Demand management is an economic planning methodology utilized to predict, plan for, and manage the global demand for goods and services. This is at both macro-level as in international economics and at the micro-level within individual companies. For instance, in international economics, a central government can intervene to control market interest rates to stabilize market inflation. Similarly, at the micro level, companies may decide to adopt supply-side techniques to increase the volume of goods and services while reducing their operational overhead.
The methodology of demand management can also be used to analyze the relationships among various domestic and global factors that affect it. It begins by considering two broad perspectives: supply and demand. Supply is defined as the ability to produce or obtain a certain commodity at a fixed price. The demand is likewise defined as the ability to buy or require a certain good at a certain price. Each of these perspectives is analytically examined by the process of demand management.
In supply-side analysis, the goal is to determine the relationship between prices, revenues, and surplus. Factors that affect this demand segment include the quality and quantity of capital goods and raw materials, the pricing structure of these goods, the technology used to produce them, the infrastructure of the production plants, and the preferences of the consumers. An excellent supply-side management strategy can successfully maintain the competitiveness of the entire organization through a balanced mix of mechanization and manual work. On the other hand, excessive specialization at the cost of lowering overall capacity utilization can lead to excessive job losses and detrimental effects on the employment sector.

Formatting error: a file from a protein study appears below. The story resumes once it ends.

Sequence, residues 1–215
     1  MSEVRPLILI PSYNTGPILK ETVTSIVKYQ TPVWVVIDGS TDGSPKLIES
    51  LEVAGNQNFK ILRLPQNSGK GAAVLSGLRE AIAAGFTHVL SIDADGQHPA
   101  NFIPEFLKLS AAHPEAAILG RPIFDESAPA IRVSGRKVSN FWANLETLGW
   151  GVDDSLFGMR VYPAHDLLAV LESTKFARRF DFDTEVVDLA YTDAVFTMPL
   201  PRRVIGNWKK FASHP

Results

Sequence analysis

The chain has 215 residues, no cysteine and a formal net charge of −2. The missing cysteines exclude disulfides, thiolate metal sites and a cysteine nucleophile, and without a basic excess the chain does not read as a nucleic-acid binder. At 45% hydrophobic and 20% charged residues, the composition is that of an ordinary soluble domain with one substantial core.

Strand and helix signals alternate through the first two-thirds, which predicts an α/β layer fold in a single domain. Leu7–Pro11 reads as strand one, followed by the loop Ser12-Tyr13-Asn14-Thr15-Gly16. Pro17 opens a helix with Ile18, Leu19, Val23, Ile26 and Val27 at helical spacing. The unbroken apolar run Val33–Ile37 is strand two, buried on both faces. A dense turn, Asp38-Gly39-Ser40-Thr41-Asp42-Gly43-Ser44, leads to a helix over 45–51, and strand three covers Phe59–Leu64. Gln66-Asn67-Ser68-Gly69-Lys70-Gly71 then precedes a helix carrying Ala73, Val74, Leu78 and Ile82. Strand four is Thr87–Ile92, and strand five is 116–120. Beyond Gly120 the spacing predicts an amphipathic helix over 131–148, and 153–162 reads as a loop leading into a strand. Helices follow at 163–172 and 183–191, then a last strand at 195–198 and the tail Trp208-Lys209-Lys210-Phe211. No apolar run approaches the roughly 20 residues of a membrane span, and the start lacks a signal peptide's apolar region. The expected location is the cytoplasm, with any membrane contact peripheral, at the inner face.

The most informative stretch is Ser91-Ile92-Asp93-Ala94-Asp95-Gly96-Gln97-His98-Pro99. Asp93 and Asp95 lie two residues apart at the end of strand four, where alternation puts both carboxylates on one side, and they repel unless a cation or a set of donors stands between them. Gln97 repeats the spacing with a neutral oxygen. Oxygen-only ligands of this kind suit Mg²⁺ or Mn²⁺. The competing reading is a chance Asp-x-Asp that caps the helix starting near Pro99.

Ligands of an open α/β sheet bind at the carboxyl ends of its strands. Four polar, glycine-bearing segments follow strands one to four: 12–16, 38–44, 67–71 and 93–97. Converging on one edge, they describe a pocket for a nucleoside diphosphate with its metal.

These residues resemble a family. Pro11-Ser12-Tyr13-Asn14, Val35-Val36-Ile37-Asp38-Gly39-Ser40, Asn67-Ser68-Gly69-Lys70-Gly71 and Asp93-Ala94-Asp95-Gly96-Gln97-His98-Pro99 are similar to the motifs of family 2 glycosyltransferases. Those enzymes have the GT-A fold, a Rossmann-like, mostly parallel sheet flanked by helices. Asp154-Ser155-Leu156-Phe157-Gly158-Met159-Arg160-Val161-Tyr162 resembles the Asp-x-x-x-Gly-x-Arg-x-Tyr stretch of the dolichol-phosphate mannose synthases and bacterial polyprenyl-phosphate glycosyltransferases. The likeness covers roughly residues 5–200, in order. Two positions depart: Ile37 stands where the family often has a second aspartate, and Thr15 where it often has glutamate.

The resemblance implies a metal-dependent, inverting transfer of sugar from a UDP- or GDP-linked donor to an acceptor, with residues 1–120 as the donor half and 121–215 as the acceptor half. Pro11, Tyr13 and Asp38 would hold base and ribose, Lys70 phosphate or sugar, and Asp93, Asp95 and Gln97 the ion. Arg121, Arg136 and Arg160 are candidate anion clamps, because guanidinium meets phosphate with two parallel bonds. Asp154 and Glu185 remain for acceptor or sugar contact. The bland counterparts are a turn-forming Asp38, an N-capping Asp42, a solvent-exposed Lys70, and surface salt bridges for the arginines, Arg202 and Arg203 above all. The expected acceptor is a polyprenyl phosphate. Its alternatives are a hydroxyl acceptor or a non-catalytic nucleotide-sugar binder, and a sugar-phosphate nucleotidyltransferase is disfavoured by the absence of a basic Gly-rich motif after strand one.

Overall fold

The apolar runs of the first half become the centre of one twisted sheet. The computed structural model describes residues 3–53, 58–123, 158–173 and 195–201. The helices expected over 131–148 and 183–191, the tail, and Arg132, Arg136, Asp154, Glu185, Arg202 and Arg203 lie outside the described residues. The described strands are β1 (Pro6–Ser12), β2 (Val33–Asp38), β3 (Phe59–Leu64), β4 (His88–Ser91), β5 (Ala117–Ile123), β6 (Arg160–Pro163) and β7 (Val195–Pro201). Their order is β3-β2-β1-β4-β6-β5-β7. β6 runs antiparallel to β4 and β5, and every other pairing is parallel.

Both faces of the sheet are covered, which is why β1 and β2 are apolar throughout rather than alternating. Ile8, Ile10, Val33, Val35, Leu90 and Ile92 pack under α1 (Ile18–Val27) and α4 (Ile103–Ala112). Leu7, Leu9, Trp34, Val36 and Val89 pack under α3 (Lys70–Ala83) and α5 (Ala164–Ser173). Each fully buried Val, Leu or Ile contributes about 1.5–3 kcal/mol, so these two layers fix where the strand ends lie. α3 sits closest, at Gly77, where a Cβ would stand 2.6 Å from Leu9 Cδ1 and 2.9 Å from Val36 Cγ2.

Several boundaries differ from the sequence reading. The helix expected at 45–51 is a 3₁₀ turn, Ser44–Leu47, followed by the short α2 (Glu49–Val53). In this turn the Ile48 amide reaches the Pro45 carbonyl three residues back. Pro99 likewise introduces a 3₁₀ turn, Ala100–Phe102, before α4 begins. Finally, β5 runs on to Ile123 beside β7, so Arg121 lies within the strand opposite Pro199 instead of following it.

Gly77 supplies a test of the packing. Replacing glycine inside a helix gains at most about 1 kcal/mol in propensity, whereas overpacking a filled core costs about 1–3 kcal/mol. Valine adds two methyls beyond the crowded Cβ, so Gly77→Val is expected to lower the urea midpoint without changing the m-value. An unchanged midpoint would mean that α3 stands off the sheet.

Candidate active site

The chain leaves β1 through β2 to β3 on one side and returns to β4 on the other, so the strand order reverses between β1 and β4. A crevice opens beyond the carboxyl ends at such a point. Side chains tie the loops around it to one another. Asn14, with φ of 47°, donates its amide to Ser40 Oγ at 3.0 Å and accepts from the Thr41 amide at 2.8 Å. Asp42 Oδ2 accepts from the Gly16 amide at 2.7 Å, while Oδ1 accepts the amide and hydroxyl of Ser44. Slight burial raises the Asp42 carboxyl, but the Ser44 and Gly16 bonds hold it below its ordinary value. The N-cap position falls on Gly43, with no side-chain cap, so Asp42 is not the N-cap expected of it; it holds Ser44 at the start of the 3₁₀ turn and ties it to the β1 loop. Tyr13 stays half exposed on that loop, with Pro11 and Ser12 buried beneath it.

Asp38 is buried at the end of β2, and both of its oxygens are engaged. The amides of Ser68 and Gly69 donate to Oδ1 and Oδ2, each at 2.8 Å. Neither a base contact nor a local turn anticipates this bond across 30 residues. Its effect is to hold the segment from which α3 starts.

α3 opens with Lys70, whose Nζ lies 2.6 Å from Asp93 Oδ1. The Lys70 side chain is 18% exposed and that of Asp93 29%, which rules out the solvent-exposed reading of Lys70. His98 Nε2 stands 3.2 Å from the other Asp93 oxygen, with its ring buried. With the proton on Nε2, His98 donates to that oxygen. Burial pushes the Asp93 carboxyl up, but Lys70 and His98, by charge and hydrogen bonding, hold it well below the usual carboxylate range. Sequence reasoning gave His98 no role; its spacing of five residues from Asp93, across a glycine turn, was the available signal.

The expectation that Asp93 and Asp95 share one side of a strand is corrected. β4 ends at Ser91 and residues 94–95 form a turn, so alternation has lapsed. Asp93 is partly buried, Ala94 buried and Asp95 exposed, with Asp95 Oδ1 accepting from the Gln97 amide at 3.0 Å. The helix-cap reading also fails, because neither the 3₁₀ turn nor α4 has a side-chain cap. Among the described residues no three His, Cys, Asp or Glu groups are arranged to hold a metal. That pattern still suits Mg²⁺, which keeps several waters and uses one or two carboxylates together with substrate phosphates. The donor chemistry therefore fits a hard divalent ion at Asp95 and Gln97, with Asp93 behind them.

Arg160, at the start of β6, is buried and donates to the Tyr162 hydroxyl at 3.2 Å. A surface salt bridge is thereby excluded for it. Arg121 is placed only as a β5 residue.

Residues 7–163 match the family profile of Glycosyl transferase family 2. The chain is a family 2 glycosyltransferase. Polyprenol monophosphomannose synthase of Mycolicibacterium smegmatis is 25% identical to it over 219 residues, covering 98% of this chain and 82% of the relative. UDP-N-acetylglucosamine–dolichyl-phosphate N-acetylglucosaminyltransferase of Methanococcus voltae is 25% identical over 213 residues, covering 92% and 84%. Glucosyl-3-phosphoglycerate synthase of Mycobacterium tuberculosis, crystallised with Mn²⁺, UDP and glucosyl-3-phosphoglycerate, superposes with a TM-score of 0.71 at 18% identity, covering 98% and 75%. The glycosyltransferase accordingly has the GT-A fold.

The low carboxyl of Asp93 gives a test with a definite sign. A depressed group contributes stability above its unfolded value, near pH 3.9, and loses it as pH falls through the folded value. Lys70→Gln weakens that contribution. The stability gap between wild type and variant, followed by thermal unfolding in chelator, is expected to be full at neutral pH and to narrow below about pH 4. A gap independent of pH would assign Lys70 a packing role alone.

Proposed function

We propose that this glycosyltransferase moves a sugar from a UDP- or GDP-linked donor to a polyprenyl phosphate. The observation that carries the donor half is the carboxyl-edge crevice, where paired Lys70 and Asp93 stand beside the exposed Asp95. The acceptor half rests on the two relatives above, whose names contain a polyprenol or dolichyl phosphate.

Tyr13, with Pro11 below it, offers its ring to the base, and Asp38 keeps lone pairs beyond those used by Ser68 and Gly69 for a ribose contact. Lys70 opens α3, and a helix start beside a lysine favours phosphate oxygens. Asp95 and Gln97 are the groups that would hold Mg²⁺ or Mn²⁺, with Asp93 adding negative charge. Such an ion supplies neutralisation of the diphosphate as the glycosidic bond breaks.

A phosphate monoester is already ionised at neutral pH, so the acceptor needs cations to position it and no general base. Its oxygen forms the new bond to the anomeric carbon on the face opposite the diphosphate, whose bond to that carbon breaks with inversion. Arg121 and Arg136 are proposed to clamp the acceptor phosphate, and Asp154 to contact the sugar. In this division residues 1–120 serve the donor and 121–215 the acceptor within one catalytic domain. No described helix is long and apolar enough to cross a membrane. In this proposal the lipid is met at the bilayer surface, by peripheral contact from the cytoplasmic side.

On the other hand, demand segment analysis looks into the global expansion of markets. This demand segment describes the activities of customers in relation to the ability to acquire the product or service within a particular time period at an acceptable price. The analysis also considers the factors that limit the ability of customers to obtain these products or services at an acceptable price. Some of the factors that limit the ability of customers are price, reliability, availability, and service quality.
Within a global demand segment, the analysis focuses on the factors that affect the opening and closing of accounts for the unit. The location of the factory, its sales volume, its manufacturing capacity, and its sales channels are all considered. The analysis also takes into consideration the historical performance of the company, its customer base, and the operating profitability. All these factors have a bearing on the ability of the company to satisfy the needs of the customers worldwide.
In a wholesale demand segment, the focus is on assessing the relationships between prices, the amount of inventory, and the supply of the products demanded by customers throughout the market segment. The analysis also takes into account the relationships between prices and the demand of the product or service within the market segment. Price elasticity is a key concept that is used in supply-demand analysis. This concept determines that the changes in the price level are not abrupt; instead, they are spread out over a reasonable time frame.
In demand product management, the identification of ideal customers is analyzed to forecast the market demand in the near and long term periods. Supply chain management seeks to ensure adequate supply of the raw materials needed for production of the segments in question. Analysis includes the identification of critical inputs required by the company to meet the segment's sales target, such as machines, robots, and other equipment. Identification of the barriers to supply, such as labor, equipment, or space are also taken into account.
In supply-demand analysis, it is important to distinguish between direct and indirect competition. Indirect competition occurs whenever there are actions taken by a company to act in competition with its competitors. Direct competition, however, occurs when a company acts in a manner that is designed to reduce its competitors' exposure to the segment. Direct competition can result from the prices, services, and other aspects of a business structure. These aspects include research and development costs, R\u0026D expenses, and the adoption of new technologies.